A Window Into Her Soul: Jodie Glorioso

In Angela Vinet, Brittany Strickland, Louisiana Ladies by Lola Magazine

Passions, Produce and Philanthropy

“If the eyes are the window into the soul, the voice is the echo.”  Jodie Glorioso’s opening line to her Centenary Students on the first day of Voice for the Stage class.

A constant champion of all things art in our community, Jodie Glorioso has dedicated her life to the arts, and thankfully she belongs to Shreveport/Bossier City.

Building art communities is not an easy feat, yet those who live and play in Shreveport/Bossier City have access to something artistic every night of the week.  Films, art walks, galleries, live music, fashion shows, gourmet meals – all creative, all art, all here in the SBC thanks to those that help cultivate our thriving arts community.  Jodie is quick to explain that nothing is done alone, but those around town know she is certainly one of our art cornerstones as well as an advocate for the community.

Her calling is a spiritual one as her love of all things art penetrates to the depths of her soul.  Every part of Jodie is embedded with art from her fashion choices and art gallery downtown to her teaching career and family produce company, Santa Maria.  Each and every aspect of her life embodies art in some form or fashion.

Her love affair with the stage began at a tender age in the 1950‘s as one of the child ushers with the Shreveport Little Theatre wearing a dress, Mary Jane type shoes and the loveliest shade of blue velvet cape with matching Tam cap – every little girl’s dream.

Being raised in a home with her mother’s piano playing and Grandfather’s opera singing voice – classical music was always at the forefront of her childhood. The musical background coupled with her love of the theatre was encouraged by the Nuns at St. Vincent’s as a grade school girl which is where she had her first taste of theater life.  However, it was Shakespeare that sealed her fate when she was able to join the traditional all boys Jesuit’s spring production her Junior year – the year Jesuit allowed girls to join for the first time.

Jodie studied theatre at Loyola University in New Orleans and completed her degree at her beloved Centenary College where she has taught a Voice for the Stage class since 2003.  Gaining entry into a master’s program in Dallas, a highly competitive degree at the time, Jodie graduated with a Masters of Performing Arts with an acting emphasis which gave her the credentials necessary to lead her fabulous life.

As a mentor, Jodie cited that piece of paper as most important for those looking to pursue a career in acting/performing arts or any type of art medium. She explained how that one piece of paper affords the ability to be able to be in a classroom on a collegiate level.  Those serious about this journey must have this degree in order to provide benefits and still preach their passions.

Fueling her acting and performing love, teaching allows her creative energies to flow, yet her greatest thrill is taking the stage with her students.  From intimate surroundings to performing in the “GREAT LADY” as Jodie calls the majestic Strand Theatre – all stages suit as she said best, “If you are blessed enough to get a role in the Theatre”.

Jodie is often quick to explain the easiest ways to support our performing art community is simply by buying tickets or showing up to the events and while she holds the theatre near and dear, attending the events is another avenue of her passions. Using her chic fashion style, she is an icon in Shreveport/Bossier City – always dressed thoughtfully to match the occasion.  Her favorite form of creative expression – fashion helps to heighten her theatre experience and emerge her into the event.  To become one with the performance as a watcher – she dresses the part so take note as her fashion is carefully thought out.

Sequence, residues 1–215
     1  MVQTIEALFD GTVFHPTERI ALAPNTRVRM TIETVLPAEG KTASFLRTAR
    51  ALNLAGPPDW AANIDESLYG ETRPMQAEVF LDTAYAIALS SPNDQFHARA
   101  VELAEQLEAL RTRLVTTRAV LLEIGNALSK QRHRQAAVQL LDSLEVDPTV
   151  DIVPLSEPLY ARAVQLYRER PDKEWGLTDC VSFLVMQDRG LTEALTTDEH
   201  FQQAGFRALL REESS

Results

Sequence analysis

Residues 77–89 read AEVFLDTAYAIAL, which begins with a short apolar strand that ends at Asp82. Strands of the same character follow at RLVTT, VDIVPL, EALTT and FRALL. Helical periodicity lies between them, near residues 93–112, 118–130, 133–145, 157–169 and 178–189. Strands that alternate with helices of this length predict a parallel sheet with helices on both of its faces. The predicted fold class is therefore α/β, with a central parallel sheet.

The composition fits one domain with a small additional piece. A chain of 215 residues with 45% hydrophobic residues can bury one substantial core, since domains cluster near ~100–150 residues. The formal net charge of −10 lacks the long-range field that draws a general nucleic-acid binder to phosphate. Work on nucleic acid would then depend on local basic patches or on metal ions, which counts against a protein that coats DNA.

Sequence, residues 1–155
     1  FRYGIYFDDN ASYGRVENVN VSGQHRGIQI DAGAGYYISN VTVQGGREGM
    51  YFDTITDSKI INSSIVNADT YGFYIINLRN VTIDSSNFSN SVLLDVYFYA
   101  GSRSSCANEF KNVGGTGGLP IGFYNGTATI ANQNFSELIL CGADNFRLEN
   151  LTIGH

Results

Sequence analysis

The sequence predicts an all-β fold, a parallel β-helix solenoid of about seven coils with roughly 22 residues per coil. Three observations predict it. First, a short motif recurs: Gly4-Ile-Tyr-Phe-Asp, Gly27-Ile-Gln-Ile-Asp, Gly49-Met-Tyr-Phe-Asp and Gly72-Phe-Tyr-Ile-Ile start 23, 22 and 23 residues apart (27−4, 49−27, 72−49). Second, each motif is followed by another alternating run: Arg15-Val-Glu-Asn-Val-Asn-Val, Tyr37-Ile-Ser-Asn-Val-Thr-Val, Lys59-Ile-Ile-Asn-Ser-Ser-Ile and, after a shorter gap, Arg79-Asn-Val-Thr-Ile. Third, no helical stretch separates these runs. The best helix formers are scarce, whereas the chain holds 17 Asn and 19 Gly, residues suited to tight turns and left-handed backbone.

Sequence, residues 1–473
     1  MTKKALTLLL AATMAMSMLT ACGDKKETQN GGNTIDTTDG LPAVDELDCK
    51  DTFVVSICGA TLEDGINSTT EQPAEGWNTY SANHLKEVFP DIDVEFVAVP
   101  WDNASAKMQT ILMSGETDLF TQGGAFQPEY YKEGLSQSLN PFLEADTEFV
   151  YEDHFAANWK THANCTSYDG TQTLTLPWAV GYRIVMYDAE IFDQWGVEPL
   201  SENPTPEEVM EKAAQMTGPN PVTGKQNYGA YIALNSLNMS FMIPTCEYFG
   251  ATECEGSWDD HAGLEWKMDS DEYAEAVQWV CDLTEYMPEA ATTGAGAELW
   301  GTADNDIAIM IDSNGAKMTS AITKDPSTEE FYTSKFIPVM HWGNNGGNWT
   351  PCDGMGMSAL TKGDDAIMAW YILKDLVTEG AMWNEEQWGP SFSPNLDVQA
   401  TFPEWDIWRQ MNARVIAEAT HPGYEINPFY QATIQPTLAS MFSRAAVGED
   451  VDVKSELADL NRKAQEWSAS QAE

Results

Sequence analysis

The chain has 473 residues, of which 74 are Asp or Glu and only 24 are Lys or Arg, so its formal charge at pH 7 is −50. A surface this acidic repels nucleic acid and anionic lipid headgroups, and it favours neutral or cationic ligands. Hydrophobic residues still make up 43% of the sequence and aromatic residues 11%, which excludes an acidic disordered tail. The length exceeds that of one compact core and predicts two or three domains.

As an art collector, Jodie has amassed quite the collection of sculptures, jewelry and paintings  – her art collection is so large she and dear friend, Rick Rose, opened a gallery to display their collections in downtown Shreveport. All of her art choices reflect her life in terms of people she’s met, places she’s traveled, and pieces that have inspired her.

Jodie now runs the Santa Maria Produce Company with her brothers – all third-generation owners.  Celebrating 100 years in business in 2021, the company has over 30 workers some of whom have spent their whole working lives with Santa Maria delivering fresh produce daily, serving some customers over 50 years.  Radiating from Shreveport, the delivery trucks travel as far South as Lake Charles but also drive to Mississippi, Texas and Arkansas delivering produce from all over the world.

When the first delivery trucks rolled out, Jodie’s grandfather, Charles Maggio applied his passion for art by creating the first public mobile artworks right on the side of his delivery trucks.   Hand painted works of art that common folk could easily view such as the well-known Michelangelo Truck of the Last Supper hand painted on canvas and applied directly on the truck still in use today. The last three trucks have kept up with the times using digitized artwork, but be sure to look for the American flag on each truck.  It was important to Mr. Maggio to show his love of this country, the country that embraced him and provided a beautiful way of life for generations delivering fresh produce to those that would otherwise not have this  opportunity.

Jodie says our art community is alive and well because of other’s work, but I think we have Jodie to thank for being a champion of our area’s arts.  Always.  She’s always been there, in some form or fashion. Either behind the scenes or stealing the show, she’s always had our hearts. Protector of the Arts – Jodie Glorioso.